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---July 22, 1992---
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As the scientific reassessment of dioxin unfolds inside EPA [U.S. Environmental Protection Agency], one of the stickiest issues is how to deal with PCBs (polychlorinated biphenyls). PCBs are a family of 209 separate chemicals, some of which have the same unpleasant characteristics as dioxins--they interfere in growth and reproduction, they damage the immune system, they cause cancer, and they cause these effects in fish, birds, mice, rats, mink, seals, sea lions, whales, humans and other forms of life. One key difference between PCBs and dioxins is that there are much larger quantities of PCBs in the environment, compared to dioxins. And many major industrial firms have a long track record of exposing their workers and their neighbors to PCBs. Therefore, the potential for PCB-related lawsuits and liability is large. And therefore the political visibility of PCBs inside EPA is also large.

There is now considerable evidence that humans WITHOUT OCCUPATIONAL EXPOSURES are being adversely affected by PCBs. Humans are exposed mainly through food, especially meat and most especially fish. Two groups of U.S. children have been studied from birth to age four, looking for effects from the PCBs we all carry in our bodies. In Michigan, 313 newborns have been studied; 242 of their mothers had eaten PCB-contaminated sportfish from Lake Michigan. Higher PCB levels in umbilical cords have been correlated with smaller birth size (including reduced head size, diminished girth in the chest) and shorter gestation, an effect also seen in children whose mothers had occupational exposure.[1] On standardized tests for infant development, higher PCB levels in the Michigan children were correlated with abnormally weak reflexes, less responsiveness to stimulation, more jerky, unbalanced movement, and more startles.

In North Carolina, 912 infants have been followed from birth. Their mothers had no unusual PCB exposures but, like all Americans, they carry PCBs in their body tissues. Among 866 North Carolina infants tested, higher PCBs in mother's milk was correlated with hypotonicity [loss of muscle tone] and more abnormally weak reflexes. Subsequent studies of 802 of the North Carolina children at ages 6 months and 12 months revealed those with higher levels of PCBs had poorer performance in tests requiring fine motor coordination. At seven months, a test of 123 of the Michigan children showed higher PCB levels were related to poorer visual memory. Researchers reviewing the history of these children conclude, "There is thus consistent evidence that prenatal exposure to levels of PCBs commonly encountered in the U.S. produce detectable effects on motor maturation and some evidence of impaired infant learning."[2] In North Carolina, about 5% of the children have so far shown measurable effects related to PCB exposure, and in Michigan somewhat more than 5% of the children are showing effects.

At age 4, children in the Michigan group with higher PCBs levels weighed 10% (4 pounds) less than children with lower PCB levels. The effect was particularly significant in girls. In addition, the Michigan children were ranked according to an "activity" index, and higher PCB levels were correlated with children who were unusually "quiet and inactive." These effects on growth and behavior were specifically correlated with exposure to PCBs before birth and not with exposure after birth. This leads researchers to conclude that PCBs attack the central nervous system more successfully during its earlier developmental stages.[3]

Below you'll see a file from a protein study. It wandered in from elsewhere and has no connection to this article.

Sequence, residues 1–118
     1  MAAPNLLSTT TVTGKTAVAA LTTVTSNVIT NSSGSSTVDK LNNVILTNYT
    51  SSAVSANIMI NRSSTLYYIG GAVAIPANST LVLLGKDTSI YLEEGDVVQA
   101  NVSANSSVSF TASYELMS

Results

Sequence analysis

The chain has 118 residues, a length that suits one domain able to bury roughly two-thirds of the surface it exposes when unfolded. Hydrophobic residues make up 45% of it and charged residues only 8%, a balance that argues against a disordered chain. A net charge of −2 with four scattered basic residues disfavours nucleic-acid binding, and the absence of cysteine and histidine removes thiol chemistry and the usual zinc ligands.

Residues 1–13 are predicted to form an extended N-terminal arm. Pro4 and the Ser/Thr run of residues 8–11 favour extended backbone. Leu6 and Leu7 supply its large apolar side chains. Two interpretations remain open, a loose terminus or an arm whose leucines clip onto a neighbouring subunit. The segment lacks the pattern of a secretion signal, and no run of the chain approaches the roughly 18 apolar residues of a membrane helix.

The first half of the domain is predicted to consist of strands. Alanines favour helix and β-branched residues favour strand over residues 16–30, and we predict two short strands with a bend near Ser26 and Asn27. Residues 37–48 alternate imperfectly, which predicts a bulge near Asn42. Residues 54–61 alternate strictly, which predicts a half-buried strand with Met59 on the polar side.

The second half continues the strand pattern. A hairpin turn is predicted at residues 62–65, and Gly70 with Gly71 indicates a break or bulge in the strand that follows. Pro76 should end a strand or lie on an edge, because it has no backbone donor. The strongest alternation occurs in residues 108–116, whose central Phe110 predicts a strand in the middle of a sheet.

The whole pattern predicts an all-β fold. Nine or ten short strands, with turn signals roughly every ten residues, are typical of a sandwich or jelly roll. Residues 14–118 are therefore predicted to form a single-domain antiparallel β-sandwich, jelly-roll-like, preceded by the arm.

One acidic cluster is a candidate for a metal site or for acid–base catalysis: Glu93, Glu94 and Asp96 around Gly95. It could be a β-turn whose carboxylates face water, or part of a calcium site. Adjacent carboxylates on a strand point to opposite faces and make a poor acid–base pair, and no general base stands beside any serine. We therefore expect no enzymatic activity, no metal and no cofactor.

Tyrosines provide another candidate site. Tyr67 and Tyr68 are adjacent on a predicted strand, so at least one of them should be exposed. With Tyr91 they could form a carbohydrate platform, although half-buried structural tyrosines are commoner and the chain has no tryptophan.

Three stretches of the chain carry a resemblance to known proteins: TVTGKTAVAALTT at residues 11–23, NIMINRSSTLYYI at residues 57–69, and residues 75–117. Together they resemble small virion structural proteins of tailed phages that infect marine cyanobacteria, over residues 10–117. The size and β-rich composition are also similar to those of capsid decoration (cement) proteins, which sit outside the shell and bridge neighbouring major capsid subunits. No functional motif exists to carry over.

The Agency for Toxic Substances and Disease Registry (ATSDR) has identified human populations with potentially high exposures as: individuals exposed in the workplace, breast-fed infants of mothers who consume more than 6 pounds (12 meals) of fish per year, and "people who live in the vicinity of incinerators and PCB disposal facilities."[4]

How did this situation develop? The Westinghouse story helps us understand how we got where we are today.

In 1957 Westinghouse began operating a large transformer factory in Bloomington, Indiana, processing large quantities of PCBs, which they purchased from Monsanto, the inventor of PCBs. PCBs don't conduct electricity, but they conduct heat well, and they are very stable (they don't break down readily) so they make a nearly ideal fluid for insulating electrical transformers and capacitors.

PCBs came to the attention of the scientific world in 1966 when a Swedish scientist revealed that damage to birds that he had attributed to DDT was actually being caused by PCBs.

In 1968, PCBs came to public attention when it was reported that 1300 Japanese people had become ill from eating PCB-contaminated rice oil. Many of the PCB-exposed women subsequently gave birth to children with birth defects. Workers at the Westinghouse plant in Bloomington say they were never told of any health hazards from PCBs. On the contrary, when they began to ask questions after the mass poisoning in Japan, they say, Westinghouse officials led them to believe PCBs were entirely safe. Jason Morrow, a former union local president at the plant, recalls employee meetings in which then-plant manager Donald M. Sauter "washed his hands and face in what he told workers was liquid PCBs to convince them not to worry." A Westinghouse spokesman, Christopher C. Newton, confirmed for BUSINESS WEEK magazine that Sauter "dipped his hands" into PCBs at a meeting.